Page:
In the age of the Internet, online library catalogs and now social media very few of us can remember the days when libraries used card catalogs as the sole means of organizing and accessing information. The “digital library” has begun to replace the library of borrowing slips and index cards, but that doesn’t mean that those index cards and card catalogs still can’t have a place in today’s modern repositories. One such collection of invaluable index cards can be found at the American Philatelic Research Library (APRL), the collection known as the Piper Philatelic Index (PPI) or the Piper File for short.
The namesake of the Piper File was APS member E. D. Piper of Cleveland, Ohio who served as club librarian for the Garfield-Perry Stamp Club from 1940-1969, among many other positions he held with the well known club over the years. In his time as the club’s librarian Piper painstakingly created a card index of the club’s library holdings. He then followed this same card index format and compiled a comprehensive index to all of the known literature and research found in many of the major U.S. and British English language philatelic periodicals published between the mid-1870s and the late 1960s.
Over 26 periodicals and 2 books were used for references by Piper. Among the notable philatelic journals he culled citations from were the American Journal of Philately (AJP), the American Philatelist (APJ), the American Philatelic Congress Book (APC), Collectors Club Philatelist (CCP), the Chronicle of U.S. Classic Issues (CHR), the Essay Proof Journal (EPJ), Gibbons Stamp Weekly (GSW), Linn’s Weekly Stamp News (LWS), the London Philatelist (LP), Mekeel’s Weekly Stamp News (MEK), the Philatelic Magazine (PM), the Philatelic Journal of Great Britain (PGB), Scott’s Monthly Stamp Journal (SMS) and the Western Stamp Collector (WSC).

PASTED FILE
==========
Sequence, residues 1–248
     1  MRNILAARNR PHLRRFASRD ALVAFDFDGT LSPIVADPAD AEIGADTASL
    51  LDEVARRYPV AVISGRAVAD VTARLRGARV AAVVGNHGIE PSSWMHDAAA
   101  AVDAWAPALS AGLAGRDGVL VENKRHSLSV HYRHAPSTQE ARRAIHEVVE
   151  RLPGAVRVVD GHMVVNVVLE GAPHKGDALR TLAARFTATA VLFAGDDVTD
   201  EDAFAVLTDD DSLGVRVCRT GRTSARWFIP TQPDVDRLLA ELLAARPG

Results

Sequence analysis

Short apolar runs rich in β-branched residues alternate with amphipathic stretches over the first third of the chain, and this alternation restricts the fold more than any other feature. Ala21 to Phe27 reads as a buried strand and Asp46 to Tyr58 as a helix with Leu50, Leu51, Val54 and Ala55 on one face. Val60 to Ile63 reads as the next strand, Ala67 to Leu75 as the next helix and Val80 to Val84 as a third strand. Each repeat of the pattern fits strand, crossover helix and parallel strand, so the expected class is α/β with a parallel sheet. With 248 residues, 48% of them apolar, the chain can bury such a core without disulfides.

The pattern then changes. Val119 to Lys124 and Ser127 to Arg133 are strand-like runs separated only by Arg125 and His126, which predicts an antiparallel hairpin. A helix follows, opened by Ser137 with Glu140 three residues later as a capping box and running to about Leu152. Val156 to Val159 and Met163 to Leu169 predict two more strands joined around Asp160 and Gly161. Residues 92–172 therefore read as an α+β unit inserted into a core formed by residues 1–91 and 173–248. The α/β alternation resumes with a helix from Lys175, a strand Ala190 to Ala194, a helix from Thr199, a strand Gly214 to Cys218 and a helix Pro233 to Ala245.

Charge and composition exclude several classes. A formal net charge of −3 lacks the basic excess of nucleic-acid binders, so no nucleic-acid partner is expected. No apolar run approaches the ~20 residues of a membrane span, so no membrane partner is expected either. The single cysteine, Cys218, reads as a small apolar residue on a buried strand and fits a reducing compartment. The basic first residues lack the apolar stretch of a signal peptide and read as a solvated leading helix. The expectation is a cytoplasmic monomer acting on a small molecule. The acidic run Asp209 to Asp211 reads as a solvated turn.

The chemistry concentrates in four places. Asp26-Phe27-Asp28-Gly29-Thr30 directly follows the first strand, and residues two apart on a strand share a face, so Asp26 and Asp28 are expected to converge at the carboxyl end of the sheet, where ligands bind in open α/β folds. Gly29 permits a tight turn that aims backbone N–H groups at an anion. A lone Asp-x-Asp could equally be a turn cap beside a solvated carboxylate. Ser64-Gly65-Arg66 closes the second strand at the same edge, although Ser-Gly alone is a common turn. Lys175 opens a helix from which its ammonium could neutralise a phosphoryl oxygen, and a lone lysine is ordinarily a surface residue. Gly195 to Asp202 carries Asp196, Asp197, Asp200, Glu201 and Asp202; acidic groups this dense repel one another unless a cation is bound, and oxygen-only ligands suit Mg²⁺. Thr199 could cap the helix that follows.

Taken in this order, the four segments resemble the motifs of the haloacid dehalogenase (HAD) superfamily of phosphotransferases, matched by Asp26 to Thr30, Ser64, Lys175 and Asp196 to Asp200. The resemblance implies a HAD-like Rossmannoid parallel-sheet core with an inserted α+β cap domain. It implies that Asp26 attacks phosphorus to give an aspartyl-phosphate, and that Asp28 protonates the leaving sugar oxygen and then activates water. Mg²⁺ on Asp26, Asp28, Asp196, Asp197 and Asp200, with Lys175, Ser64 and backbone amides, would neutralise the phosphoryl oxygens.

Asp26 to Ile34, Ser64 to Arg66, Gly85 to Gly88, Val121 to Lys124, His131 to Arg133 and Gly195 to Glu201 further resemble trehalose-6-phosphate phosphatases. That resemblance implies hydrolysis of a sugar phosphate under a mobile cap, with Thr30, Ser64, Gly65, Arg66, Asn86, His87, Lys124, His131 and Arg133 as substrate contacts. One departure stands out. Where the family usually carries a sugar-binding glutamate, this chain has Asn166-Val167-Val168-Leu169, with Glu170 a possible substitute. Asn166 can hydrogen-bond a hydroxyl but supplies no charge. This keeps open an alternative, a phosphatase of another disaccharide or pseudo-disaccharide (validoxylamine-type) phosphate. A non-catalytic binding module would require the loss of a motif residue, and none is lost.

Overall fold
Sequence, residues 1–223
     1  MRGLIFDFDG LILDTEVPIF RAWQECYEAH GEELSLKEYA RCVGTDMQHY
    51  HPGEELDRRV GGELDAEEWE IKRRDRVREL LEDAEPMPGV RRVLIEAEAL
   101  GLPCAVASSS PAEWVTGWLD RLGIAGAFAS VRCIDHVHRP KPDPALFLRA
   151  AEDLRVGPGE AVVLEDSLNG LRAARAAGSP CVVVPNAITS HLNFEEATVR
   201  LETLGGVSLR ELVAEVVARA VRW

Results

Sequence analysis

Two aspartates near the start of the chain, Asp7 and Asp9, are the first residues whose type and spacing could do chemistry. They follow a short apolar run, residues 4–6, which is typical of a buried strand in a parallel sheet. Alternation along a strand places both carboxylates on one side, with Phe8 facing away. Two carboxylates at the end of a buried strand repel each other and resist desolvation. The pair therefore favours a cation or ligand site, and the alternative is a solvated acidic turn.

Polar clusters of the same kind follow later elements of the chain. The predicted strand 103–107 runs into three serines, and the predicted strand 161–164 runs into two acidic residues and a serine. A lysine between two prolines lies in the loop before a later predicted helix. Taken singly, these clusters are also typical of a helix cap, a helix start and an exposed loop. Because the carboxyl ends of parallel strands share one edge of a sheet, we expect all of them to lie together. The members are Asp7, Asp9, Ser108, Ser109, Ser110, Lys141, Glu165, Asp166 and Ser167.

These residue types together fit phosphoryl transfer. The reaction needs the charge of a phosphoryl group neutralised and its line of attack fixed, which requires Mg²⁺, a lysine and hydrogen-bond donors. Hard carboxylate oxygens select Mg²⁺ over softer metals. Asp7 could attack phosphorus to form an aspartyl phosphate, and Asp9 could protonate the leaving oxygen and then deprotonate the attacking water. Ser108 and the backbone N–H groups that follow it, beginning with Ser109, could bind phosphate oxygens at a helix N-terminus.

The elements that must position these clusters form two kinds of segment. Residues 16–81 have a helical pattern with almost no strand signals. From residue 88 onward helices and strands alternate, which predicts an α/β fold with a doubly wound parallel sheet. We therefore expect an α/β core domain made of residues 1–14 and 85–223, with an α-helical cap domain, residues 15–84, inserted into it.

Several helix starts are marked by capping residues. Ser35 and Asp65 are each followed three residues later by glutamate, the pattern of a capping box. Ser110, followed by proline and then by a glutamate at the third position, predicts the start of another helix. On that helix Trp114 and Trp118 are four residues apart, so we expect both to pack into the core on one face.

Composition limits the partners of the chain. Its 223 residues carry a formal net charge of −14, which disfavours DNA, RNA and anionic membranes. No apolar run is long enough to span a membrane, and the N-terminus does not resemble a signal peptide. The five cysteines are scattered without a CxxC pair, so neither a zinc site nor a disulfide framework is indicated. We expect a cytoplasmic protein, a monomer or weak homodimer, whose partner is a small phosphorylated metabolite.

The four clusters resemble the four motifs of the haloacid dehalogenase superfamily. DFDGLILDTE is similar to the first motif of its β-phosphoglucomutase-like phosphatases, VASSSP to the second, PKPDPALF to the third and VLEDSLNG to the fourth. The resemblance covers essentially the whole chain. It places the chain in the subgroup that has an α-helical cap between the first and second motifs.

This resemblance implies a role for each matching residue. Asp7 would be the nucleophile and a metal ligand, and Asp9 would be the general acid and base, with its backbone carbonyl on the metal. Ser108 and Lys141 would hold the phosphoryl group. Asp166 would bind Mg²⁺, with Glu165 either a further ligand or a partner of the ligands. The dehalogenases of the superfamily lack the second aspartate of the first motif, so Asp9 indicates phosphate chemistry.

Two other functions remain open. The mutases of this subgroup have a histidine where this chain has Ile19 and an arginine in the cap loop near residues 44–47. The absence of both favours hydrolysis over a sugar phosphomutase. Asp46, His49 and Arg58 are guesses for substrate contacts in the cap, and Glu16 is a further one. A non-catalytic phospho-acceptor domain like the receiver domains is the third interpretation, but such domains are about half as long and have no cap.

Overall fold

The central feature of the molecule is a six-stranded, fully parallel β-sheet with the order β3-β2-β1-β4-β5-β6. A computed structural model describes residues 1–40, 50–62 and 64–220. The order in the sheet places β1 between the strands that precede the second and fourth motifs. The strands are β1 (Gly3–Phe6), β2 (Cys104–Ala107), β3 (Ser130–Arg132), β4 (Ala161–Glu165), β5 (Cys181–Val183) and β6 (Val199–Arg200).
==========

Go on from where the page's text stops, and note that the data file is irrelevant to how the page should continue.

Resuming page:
Much like the card catalogs of the day, Piper used 3” x 5” index cards for his index, but instead of using pre-made cards he created his own from multiple pieces of found paper. On these cards a series of references were either typewritten or handwritten listing article citations sorted and organized by either philatelic subject or by country and then philatelic subject. In all, it is estimated that the Piper File comprises over 90,000 individual index cards and roughly 425,000 individual philatelic references. The United States section alone comprises over 25,000 index cards.
Donated by the family of E.D. Piper in 1974, the PPI is an invaluable resource for APRL staff, philatelic researchers, and the general public. Even today, much like the card catalogs of libraries past, the Piper File provides access to an extraordinary wealth of philatelic citations and research.